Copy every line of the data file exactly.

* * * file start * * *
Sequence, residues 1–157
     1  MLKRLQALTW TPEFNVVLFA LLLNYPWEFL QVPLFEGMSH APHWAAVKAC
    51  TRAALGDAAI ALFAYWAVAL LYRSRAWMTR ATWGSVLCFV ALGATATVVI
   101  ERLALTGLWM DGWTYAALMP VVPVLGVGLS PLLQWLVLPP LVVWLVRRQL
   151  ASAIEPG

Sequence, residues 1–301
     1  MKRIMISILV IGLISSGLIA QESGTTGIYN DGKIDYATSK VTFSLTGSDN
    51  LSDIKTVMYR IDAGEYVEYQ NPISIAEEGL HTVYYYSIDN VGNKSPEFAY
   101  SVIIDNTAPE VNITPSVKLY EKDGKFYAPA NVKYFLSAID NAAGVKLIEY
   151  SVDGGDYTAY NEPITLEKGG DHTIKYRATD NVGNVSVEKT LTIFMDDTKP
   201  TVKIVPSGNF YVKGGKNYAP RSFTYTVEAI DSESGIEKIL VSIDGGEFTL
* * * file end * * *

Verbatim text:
Sequence, residues 1–157
     1  MLKRLQALTW TPEFNVVLFA LLLNYPWEFL QVPLFEGMSH APHWAAVKAC
    51  TRAALGDAAI ALFAYWAVAL LYRSRAWMTR ATWGSVLCFV ALGATATVVI
   101  ERLALTGLWM DGWTYAALMP VVPVLGVGLS PLLQWLVLPP LVVWLVRRQL
   151  ASAIEPG

Sequence, residues 1–301
     1  MKRIMISILV IGLISSGLIA QESGTTGIYN DGKIDYATSK VTFSLTGSDN
    51  LSDIKTVMYR IDAGEYVEYQ NPISIAEEGL HTVYYYSIDN VGNKSPEFAY
   101  SVIIDNTAPE VNITPSVKLY EKDGKFYAPA NVKYFLSAID NAAGVKLIEY
   151  SVDGGDYTAY NEPITLEKGG DHTIKYRATD NVGNVSVEKT LTIFMDDTKP
   201  TVKIVPSGNF YVKGGKNYAP RSFTYTVEAI DSESGIEKIL VSIDGGEFTL